We spend the next twenty minutes drinking chai and munching on coconutty goodness whilst watching the sun burst into shades of pink, red, orange, and yellow as it sets over the river ahead. The next morning we return, this time to open the shell ourselves to experience the arduous method first hand (simultaneously attracting a crowd of locals who were probably judging our inefficiency). The taste is as heavenly as the night before. I return once more before leaving for our next destination in India, uncertain on whether Omkareshwar would be as kind in fixing my new addiction. It was… But only temporarily.
Omkareshwar is 65km up the river with a huge temple built into the bank of its river. On our first evening we venture out to have dinner, treating ourselves (daily) to fresh and oily curry. Despite most places street stalls being closed this late in the evening, I manage to spot a friendly bunch of coconuts sitting in a basket outside a store on the way back to our hostel – one for me, and one for Connie. We cradle the precious things back to our rooms and devour them whilst reading our books.
The next day we leave the hostel and go for a walk, little did I know that my walk would soon turn sour. We arrive at what seems to be a market square with about fifteen wooden structures pitched up in a long row. To my surprise, every single one of them has a basket of coconuts waiting to be plucked. I waste no time in my choosing, other than to shake a couple of nuts next to my ear to decide which one sounds bigger – the hairy exterior can be misleading. I make my choice and we continue walking until we find ourselves perched on the edge of an elevated rock by the river, away from any noisy crowds and with a beautiful wide view of the river running for miles into the distance.
As Ellie and Connie begin reading their books, I pull the coconut out from inside my bag and begin tearing out the straw like hair that covers the shell. My eagerness to taste the crunchy interior seems stronger with each one I consume. With the fury coating abandoned, I grip the nut tightly and force it down on to the rock at my feet. However nothing happens. I try once more, yet not even a hairline crack surfaces. I begin hammering down the nut hard against the ground until soon I notice my hand is slightly wet.
Finally there is a crack, but not where I have been hitting it against the rock. Upon closer inspection I notice a small hole at the top of the nut, and two other darkened circles that seem to have an unusual shade of mossy green. However, I continue to bring down the coconut with repetitive and heavy thuds against the rock until eventually it splits. All of a sudden my throat is wrenching at the stench unleashed. Thick white liquid leaks from the crevices as the shell falls apart, exposing a curdled creamy ball of mush that spills into my palm. Full of disgust and gagging at the repulsive smell emitting from my mouldy snack, I open my palm to let pseudo-coconut fall to the depths of the water like Jack from Titanic.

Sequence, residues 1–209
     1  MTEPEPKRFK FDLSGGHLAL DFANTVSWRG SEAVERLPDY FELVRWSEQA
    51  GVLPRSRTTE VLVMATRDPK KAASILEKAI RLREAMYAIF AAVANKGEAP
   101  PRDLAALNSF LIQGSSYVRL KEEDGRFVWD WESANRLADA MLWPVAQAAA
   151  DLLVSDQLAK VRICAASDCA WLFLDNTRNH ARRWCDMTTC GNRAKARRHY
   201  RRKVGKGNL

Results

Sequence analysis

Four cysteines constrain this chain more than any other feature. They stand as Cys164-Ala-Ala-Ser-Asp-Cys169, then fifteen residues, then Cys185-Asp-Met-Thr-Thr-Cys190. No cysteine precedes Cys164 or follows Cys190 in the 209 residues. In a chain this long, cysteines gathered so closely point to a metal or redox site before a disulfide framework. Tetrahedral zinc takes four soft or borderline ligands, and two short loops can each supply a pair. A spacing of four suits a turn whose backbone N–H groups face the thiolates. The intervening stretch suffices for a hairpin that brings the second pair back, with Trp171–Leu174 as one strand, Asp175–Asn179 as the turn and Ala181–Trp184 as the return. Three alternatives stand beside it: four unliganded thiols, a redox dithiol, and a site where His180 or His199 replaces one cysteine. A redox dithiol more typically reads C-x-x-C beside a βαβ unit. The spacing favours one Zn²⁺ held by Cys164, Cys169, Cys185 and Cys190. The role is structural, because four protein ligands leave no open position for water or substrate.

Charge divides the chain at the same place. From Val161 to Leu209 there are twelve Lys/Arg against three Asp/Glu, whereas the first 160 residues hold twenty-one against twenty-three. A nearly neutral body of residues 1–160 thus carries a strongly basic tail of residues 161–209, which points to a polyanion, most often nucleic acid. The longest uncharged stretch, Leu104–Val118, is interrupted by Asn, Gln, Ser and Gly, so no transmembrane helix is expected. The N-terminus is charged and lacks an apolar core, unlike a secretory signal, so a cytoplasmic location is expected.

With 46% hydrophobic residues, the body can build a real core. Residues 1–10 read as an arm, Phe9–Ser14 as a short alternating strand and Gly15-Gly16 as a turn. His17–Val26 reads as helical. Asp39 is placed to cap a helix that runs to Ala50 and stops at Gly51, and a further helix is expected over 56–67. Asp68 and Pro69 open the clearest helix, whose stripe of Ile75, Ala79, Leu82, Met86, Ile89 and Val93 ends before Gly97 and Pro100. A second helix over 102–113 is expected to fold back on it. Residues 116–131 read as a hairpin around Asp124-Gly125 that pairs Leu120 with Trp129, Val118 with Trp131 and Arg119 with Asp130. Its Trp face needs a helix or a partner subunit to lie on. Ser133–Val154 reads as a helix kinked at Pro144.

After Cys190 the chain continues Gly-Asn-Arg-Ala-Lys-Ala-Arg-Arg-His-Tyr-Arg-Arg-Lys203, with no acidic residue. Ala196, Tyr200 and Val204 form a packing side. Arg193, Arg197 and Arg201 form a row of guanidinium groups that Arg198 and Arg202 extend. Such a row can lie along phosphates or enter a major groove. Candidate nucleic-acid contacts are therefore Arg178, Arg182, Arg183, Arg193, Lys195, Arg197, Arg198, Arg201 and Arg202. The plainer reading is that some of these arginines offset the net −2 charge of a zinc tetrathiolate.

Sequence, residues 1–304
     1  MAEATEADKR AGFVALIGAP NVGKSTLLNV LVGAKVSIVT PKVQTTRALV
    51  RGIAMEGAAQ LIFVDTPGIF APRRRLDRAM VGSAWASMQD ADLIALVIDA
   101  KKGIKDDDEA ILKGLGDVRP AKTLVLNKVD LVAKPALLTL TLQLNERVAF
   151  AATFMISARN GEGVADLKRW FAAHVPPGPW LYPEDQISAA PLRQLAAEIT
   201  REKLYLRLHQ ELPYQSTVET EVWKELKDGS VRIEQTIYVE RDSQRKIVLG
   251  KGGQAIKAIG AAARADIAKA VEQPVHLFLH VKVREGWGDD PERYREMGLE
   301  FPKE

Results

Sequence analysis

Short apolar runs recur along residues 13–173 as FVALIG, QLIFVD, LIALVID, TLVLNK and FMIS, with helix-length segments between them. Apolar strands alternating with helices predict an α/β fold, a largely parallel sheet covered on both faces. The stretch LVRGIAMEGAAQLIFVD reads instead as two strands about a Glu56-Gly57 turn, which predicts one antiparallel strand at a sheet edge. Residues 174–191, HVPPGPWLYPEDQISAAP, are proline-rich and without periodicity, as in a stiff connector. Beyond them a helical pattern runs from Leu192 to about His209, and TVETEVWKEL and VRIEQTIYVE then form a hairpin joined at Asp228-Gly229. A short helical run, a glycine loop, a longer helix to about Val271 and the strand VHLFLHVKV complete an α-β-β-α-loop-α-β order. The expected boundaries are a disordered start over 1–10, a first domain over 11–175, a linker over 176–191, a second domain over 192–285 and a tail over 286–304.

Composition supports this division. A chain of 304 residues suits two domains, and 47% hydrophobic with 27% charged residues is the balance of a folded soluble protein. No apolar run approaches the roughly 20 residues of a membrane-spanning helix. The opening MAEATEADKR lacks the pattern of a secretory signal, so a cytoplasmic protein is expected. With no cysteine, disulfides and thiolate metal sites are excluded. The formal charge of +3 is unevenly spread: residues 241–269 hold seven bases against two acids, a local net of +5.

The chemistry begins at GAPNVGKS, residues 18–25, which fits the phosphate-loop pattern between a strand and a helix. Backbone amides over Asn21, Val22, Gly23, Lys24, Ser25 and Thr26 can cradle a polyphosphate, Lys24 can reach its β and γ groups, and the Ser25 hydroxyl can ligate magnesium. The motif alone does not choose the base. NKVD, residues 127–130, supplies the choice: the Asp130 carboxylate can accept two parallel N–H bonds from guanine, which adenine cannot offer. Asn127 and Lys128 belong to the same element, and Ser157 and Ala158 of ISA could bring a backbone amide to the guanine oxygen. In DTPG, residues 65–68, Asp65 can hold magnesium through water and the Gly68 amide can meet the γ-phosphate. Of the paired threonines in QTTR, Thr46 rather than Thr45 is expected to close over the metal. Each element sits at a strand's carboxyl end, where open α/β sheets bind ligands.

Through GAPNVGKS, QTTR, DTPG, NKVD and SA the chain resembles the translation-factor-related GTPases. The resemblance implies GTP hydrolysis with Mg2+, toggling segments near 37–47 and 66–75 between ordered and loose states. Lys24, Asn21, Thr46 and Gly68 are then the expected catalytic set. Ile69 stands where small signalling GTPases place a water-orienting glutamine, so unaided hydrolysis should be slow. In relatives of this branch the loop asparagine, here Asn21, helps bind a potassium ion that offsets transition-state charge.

Feeling confused and rejected, I try to speculate on the cause for my mysteriously viscous coconut. Why would a coconut be so bad that its entire interior had managed to curdle? After a while we wander home, on the way passing the wooden shacks where just earlier I excitedly purchased the disappointing fruit. I avert my eyes and continue walking until I arrive at the store where I had bought a nut the evening before. I decide to confront my fears and buy one more coconut and take it back to the hostel, hoping the last was just a one-off.
Back at the hostel I ask for a hammer to assist the dissection. I place it on the floor firmly whilst simultaneously covering my nose with a sleeve. I raise the hammer above my head and prepare to slam it down onto the shell. Suddenly I hear a voice from behind.
“Are you going to eat that?!”, a German girl laughs.
“…Yes” I reply. “Shouldn’t I?”.
She senses my confusion and begins to explain her concern.
“Every day people buy these coconuts, and flowers, to lay in the river as gifts to the source of life that runs through the valley. After the coconut is gifted, locals climb into their boats and fish the coconuts back out of the water in order to sell again. In fact, once a year three-thousand coconuts are released into the river as gifts, and every single one of them is collected and put back into the system. I wouldn’t be surprised if that is a sour coconut”.
So there it is. The answer to my coconut’s deception. I had unwittingly purchased a coconut that had probably been circulating in and out of the river for months. Still, I have faith – or rather hope – that the one I hold in my hand right now is an exception like the one from last night. Before I can talk myself out of it I bring down the weight of the hammer onto the shell. Miraculously, the shell splits almost perfectly allowing the shell to be broken off with ease to reveal the pure white sphere underneath. Tonight I will once again enjoy the tasty snack. And so my love for a coconut persists. At least for tonight anyhow.